Stephen Biddle, Michael O’Hanlon, and Kenneth Pollack provide a cogent analysis, devoid of partisan rancor and filled with facts, of the current situation in Iraq and the way forward.
First, they dispel the myth that the Sunni awakening just “happened” and that the surge proponents in essence got “lucky.” This “by magic” theory is popular, of course, among those who would rather not credit the surge for the phenomenal turnaround in Iraq. The authors explain:
The surge, and especially its new emphasis on the provision of direct population security by U.S. forces, enabled the Sunnis to survive this realignment in the face of AQI’s[Al Qaeda in Iraq] inevitable counterattacks. In Anbar, U.S. firepower, combined with a persistent troop presence and Sunni knowledge of whom and where to strike, essentially expelled AQI from the province. News of this “Anbar model” spread rapidly among disaffected Sunnis elsewhere. In just a few months, the result was a large-scale stand-down of the Sunni insurgency and the decimation of AQI throughout western and central Iraq. Cease-fires with Sunnis in turn facilitated cease-fires with key Shiite militias. Sadr’s JAM[ Jaish al-Mahdi ] militia thugs (many of whom seemed mostly concerned with extorting personal profit) grew, Shiite support for JAM plummeted — especially since the U.S. military buildup in Baghdad and the cease-fires with the Sunnis gave the United States enough troop strength to offer the Shiites security without gangsterism. Sadr, his popularity declining and his control over his own fighters increasingly tenuous, chose to stand down rather than confront the strengthened U.S. force.
The authors make clear, however, that the progress of the Iraqi Security Forces (ISF) is not complete and remains dependent on the presence of U.S. troops:
The Basra campaign would have ended in disaster if not for support from coalition firepower and the arrival of ISF units with U.S. military- and police-training teams. In short, the ISF have improved to the point where they have become a powerful partner to U.S. and coalition forces in Iraq, but they will require outside support for at least some time to come.
As for political progress, the authors note that “thanks to reduced violence, diminished sectarian warfare, weakened militias, and the prospect of upcoming elections for which Sunnis and others who boycotted the last round are expected to turn out in force, the old patterns of Iraqi political life are giving way to new ones.” They acknowledge political progress is slow but warn against trying to threaten the parties into speeding up the process of reconciliation:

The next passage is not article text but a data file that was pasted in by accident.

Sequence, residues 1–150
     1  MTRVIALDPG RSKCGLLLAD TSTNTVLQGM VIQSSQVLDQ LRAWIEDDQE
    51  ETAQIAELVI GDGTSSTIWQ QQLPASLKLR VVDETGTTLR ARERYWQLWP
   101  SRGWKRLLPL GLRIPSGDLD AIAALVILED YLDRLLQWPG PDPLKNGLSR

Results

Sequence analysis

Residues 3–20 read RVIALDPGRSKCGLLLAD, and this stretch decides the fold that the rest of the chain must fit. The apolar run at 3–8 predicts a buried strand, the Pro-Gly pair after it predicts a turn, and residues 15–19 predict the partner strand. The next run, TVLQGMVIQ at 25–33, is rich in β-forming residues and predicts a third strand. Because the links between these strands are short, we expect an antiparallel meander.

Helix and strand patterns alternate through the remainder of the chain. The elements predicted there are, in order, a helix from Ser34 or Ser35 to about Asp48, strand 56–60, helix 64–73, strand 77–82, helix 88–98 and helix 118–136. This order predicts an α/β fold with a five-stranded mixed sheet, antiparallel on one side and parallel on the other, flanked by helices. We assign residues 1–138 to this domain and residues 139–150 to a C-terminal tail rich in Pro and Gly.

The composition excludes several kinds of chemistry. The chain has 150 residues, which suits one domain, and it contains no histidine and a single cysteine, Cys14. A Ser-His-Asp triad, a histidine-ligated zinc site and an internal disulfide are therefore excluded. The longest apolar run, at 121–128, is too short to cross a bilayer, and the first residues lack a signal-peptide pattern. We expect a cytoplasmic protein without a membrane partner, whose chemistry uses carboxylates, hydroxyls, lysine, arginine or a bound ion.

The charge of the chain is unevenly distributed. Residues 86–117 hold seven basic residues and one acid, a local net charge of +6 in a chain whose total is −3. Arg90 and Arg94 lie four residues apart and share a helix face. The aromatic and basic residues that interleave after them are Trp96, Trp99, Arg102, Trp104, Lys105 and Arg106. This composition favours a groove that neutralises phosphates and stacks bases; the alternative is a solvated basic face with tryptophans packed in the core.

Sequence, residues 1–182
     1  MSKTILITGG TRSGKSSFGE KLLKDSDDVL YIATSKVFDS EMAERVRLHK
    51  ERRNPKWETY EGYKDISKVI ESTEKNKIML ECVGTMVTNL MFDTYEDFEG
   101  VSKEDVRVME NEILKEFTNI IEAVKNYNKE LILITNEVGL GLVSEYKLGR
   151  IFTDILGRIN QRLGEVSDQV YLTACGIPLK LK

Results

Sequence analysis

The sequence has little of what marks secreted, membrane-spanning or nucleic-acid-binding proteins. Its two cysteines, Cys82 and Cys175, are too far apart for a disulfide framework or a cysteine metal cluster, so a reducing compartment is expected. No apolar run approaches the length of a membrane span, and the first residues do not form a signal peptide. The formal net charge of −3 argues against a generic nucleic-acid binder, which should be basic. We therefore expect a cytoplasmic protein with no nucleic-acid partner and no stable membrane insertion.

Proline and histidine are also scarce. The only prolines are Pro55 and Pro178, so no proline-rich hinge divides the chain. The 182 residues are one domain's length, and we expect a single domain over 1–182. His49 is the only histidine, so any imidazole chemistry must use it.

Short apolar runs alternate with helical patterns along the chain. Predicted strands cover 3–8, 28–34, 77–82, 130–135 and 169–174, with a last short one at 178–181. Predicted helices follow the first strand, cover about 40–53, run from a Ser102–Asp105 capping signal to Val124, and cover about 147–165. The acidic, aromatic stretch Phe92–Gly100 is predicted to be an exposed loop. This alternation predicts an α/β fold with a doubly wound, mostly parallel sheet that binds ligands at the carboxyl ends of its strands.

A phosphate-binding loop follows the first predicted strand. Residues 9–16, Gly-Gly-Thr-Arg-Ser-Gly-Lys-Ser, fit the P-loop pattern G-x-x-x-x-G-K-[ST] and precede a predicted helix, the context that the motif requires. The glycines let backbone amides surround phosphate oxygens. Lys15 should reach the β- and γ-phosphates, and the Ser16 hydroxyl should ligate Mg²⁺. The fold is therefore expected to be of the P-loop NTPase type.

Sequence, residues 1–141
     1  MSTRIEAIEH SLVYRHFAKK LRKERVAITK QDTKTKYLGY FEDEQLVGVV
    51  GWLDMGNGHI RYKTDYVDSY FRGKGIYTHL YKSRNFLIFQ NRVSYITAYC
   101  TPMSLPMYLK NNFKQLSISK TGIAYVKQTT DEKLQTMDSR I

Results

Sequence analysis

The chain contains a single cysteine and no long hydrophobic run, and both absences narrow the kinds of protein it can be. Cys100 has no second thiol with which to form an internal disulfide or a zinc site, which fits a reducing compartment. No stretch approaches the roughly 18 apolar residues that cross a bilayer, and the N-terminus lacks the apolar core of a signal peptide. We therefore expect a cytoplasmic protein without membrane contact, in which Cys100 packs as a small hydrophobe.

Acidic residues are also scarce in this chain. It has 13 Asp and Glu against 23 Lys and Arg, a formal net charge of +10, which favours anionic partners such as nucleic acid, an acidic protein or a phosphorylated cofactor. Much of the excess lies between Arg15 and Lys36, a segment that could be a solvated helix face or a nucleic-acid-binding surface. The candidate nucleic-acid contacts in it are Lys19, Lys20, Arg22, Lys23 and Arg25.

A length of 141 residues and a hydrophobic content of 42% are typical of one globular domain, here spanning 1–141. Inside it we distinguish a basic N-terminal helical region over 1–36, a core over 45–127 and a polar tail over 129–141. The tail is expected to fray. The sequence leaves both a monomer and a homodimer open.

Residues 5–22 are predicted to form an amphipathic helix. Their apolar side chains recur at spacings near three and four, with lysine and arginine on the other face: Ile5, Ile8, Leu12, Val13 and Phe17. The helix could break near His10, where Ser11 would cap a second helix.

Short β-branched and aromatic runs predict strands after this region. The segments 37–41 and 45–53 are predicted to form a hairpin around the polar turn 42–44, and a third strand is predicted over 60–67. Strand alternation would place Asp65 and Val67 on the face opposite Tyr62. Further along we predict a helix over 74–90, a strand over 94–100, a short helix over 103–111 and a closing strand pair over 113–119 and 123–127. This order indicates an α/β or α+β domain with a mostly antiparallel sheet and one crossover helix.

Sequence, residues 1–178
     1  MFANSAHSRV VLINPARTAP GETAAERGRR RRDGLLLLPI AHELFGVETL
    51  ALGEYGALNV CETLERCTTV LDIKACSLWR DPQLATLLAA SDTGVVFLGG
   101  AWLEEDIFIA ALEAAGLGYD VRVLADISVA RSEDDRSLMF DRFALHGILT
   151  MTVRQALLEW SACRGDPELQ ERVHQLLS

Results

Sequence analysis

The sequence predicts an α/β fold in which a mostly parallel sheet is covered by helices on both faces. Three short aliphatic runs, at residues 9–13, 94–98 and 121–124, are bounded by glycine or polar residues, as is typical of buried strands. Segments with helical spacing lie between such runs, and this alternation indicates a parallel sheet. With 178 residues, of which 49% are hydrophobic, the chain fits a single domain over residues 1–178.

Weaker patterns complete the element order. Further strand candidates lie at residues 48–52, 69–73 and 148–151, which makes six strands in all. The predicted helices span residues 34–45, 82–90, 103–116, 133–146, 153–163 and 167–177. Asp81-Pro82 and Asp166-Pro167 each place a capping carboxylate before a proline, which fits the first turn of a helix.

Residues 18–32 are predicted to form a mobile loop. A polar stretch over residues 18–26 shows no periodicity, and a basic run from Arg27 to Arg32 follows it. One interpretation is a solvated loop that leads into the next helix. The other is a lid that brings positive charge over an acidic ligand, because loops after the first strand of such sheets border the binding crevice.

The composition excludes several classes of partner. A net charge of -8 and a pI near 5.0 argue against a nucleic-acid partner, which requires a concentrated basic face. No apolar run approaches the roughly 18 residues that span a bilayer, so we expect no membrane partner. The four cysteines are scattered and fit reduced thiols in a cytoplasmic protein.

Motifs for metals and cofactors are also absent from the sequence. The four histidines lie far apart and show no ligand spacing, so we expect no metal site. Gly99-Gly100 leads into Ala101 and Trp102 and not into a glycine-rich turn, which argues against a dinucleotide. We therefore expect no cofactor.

Some argue that to do this, the United States must withdraw, or threaten to withdraw, its troops. They believe this would force Iraqi leaders to put their differences aside and reach a grand compromise on reconciliation, because Iraqis would need to solve their own problems either without a U.S. military crutch or in order to preserve a U.S. presence as a reward for reconciliation. There is some merit to this logic. It is true that the presence of U.S. forces reduces the stakes for Iraqi politicians, since it limits violence. And if Iraq faced chaos otherwise, a threat of withdrawal would certainly be worth trying. But withdrawal is a risky gambit. And progress is now being made without it: violence is down dramatically, and political change, although slow, is under way. Threatening withdrawal might speed this progress, but today it seems more likely to derail it instead.
Their bottom line: we are on the right course but significant reductions in U.S. forces are still a two or three years away:
Drawdowns on this scale in Iraq cannot be rushed without serious risk. For now, a substantial U.S. presence is essential to stabilize a system of local cease-fires and maintain an environment in which gradual compromise can proceed without gambling on a single grand bargain among wary rivals in Baghdad. This is not to say that today’s troop count can or should be maintained until 2010 — modest near-term withdrawals to below the pre-surge levels will be necessary to establish a sustainable posture. The 130,000 troops and 15 brigades of the pre-2007 force may be too large to maintain into 2009 without unacceptable damage to the U.S. Army and the Marine Corps. But if the United States can maintain a substantial force in Iraq through the critical period of the next two to three years, there is now a credible basis for believing that major drawdowns after that can be enabled by success rather than mandated by failure.
Of course, much could still go wrong. And if an electoral crisis or some other event returns Iraq to civil war, it would be very hard to justify another troop surge to try to stabilize Iraq. Containment — withdrawing all U.S. troops while working to prevent the chaos in Iraq from spilling over to the rest of the region — would then become the United States’ only realistic option.
What is plain from the entirety of their analysis is that none of the progress we see now would have been possible without the surge. Contending otherwise is the last refuge of politicians who hand anticipated, if not banked on, defeat. And the authors’ assessment of the future suggests that if we fail to appreciate the circumstances which brought about the improved state of affairs, we will not have the patience or wisdom to guide us in the future. Finally, one can’t read their report without being sobered by the prospect that gains are not permanent and that the next President will, in large part, determine whether a remarkable success can, after all the political fury dies down, be secured in Iraq. In that regard, it probably helps to have someone who thinks there is value in success.